My dad is a semi-retired geologist who made his living in oil exploration. He would sit on well sites for weeks at a time logging samples. When I was a boy, like 25-30 years ago, I remember my dad coming home from a well and telling me about an accident on site in which one of the roughnecks lost their entire hand. Just completely gone in a flash. I never forgot that story. You couldn’t pay me a enough to do this job.


I read a story once about how an obese worker ended up cutting his gut open while working on pipe and his intestines just spilled out across the floor in front of him. A gross mental image that has stayed with me.


Was that in the book “don’t tell mum I work on the rigs, she thinks I am piano player in a whore house”


I've also read that book a number of times. The things Paul Carter did and saw during his time on rigs are both amazing and utterly insane.


The craziest part of that story is how they had to sit him up in the chopper in the body bag because he couldn't fit lying down.


I would do it it looks like fun


The duality of man


mantra and yantra creates tantra


>Reckon I'd be down to probably 3 fingers, one thumb, one leg and no teeth after about half an hour doing this job. ... Congrats! - You're now qualified to drive a tractor trailer inter-state!


That's no joke. I was 20 when I was a roughneck and I met many disabled roughnecks in their 40's and 50's who drove oil field service trucks and some were barely able to do that.


Or work at a Waffle House


You’re not kidding. There are a thousand ways to die in this short video. Id find every one of them immediately.


I talked to a tool pusher once who had been in two explosions. The second one forced fire down his throat and messed up his vocal cords. His voice was like a loud whisper.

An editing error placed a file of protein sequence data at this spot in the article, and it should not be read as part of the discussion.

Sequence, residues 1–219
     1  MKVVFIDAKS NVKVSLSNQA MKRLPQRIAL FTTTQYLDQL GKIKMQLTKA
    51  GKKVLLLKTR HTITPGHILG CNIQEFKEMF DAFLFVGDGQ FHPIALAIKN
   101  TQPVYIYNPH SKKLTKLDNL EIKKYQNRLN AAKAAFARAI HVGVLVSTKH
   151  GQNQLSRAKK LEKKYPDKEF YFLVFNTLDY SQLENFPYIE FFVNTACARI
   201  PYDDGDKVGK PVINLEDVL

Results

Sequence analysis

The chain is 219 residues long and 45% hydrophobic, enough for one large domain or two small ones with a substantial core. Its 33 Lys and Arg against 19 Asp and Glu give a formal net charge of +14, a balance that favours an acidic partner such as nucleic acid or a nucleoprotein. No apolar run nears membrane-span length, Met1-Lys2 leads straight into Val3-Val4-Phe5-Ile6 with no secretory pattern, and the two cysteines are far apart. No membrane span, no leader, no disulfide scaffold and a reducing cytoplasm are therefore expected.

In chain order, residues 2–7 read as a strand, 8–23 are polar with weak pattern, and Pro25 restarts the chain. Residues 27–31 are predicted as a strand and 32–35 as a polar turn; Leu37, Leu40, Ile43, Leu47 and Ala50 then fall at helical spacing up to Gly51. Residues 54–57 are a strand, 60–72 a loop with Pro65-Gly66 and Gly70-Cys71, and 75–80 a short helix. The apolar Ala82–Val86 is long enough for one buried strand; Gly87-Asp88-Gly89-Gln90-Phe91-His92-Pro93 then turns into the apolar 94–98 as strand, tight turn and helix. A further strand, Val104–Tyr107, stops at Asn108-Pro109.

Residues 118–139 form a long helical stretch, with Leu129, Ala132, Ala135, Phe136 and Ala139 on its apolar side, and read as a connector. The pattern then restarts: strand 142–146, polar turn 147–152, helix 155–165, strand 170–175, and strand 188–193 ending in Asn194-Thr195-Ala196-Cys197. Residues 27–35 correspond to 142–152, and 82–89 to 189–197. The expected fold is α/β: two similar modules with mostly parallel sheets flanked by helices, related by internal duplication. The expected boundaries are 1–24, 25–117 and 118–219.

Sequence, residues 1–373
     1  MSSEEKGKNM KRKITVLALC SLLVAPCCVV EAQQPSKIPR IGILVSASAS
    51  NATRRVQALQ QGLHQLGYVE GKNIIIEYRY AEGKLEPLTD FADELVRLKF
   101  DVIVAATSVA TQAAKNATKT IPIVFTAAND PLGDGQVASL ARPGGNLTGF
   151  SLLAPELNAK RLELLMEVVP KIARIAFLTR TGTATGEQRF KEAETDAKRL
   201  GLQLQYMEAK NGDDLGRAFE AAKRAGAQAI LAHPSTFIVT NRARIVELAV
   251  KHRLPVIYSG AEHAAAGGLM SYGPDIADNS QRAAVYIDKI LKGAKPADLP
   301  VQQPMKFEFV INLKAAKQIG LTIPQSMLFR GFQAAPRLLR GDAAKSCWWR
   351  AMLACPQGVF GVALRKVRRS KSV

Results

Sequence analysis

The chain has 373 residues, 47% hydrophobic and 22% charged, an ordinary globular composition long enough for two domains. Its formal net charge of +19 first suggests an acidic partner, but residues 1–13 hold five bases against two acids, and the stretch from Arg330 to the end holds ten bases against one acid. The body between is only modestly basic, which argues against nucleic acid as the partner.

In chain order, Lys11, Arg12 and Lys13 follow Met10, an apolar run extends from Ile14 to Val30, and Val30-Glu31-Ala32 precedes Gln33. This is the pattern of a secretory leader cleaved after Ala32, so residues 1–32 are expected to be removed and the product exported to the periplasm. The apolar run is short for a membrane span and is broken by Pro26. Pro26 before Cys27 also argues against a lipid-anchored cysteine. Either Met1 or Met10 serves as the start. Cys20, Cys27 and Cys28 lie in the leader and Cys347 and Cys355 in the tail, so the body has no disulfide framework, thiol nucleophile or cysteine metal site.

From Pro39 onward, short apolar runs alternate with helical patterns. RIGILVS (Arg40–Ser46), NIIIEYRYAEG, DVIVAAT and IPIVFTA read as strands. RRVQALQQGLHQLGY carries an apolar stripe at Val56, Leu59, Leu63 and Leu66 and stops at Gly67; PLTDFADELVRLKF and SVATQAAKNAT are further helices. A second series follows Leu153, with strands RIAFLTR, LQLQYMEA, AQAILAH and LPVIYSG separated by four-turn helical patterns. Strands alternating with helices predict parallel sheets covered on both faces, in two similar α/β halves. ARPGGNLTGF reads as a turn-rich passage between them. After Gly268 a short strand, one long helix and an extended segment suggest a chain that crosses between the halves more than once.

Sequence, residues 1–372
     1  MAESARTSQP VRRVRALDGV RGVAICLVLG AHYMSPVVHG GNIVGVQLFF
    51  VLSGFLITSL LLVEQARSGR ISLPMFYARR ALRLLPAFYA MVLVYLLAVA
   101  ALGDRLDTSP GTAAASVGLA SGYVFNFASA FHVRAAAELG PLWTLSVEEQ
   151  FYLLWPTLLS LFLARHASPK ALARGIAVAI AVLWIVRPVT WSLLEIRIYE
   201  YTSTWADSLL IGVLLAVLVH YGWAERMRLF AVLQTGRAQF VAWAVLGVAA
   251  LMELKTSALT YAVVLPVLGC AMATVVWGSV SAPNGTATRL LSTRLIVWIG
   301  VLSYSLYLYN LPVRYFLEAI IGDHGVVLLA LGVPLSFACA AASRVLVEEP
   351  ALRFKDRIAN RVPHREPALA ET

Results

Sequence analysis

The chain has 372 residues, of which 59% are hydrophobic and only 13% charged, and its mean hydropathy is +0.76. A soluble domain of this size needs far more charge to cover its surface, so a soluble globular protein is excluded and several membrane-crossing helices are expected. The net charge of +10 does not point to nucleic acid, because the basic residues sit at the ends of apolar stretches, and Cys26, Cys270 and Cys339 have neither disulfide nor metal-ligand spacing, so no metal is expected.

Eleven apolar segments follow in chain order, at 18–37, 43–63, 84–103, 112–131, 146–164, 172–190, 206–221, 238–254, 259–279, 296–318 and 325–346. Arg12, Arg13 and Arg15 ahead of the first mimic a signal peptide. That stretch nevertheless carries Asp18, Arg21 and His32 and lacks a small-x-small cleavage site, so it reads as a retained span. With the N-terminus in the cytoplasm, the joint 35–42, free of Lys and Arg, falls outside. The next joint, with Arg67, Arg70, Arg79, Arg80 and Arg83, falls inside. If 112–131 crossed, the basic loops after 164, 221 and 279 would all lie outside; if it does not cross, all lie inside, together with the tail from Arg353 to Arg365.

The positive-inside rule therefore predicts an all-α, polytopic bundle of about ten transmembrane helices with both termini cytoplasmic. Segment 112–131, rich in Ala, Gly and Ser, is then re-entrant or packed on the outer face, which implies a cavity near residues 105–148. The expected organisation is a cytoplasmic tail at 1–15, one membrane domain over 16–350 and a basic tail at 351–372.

Yeah, holy shit that looked complicated.


Sounds like you know u/goob3r11 up there in the comments


I see myself slipping and hitting my head on something in the first 5 minutes


My dad is one of those people that lost a finger doing this.


That's what I think too. I was going to say - does OSHA not apply to this job? The way that chain wrapped around, yeah, I'd be limbless.


Thats why they are called 'rough necks'. I did this job for half a year after high school. Back in the day when I thought I was a 'real man'. These guys are the nicest,meanest,hardworking guys I have ever had the pleasure of working with. I still keep in contact with my old boss. He's sill kickass on site. Mike ( big guy)is 72.


hahahaha no shit eh my whole left hand would be gone


Not sure if anyone else has mentioned it but the guy in this video posts videos like this on tiktok, and recently posted about having his leg either broken or crushed (can’t quite remember) by a chain mishap. He’s in recovery now and will be ok.


Exactly what I was thinking. One miniscule mistake and you lose something important.


They don't call them roughnecks for nothing, this is hard labor with high risk if you make a mistake.


This is exactly how my buddy "armless Joe" lost his left eye.


What happened to his leg?


Shut up, he does NOT like to talk about the gator attack.


I’ve been on the bitey end of a gator once or twice, luckily i’m named after a man of the swamp.


Amus Moses is that you !?!


He’s jus knock em in the head with a stump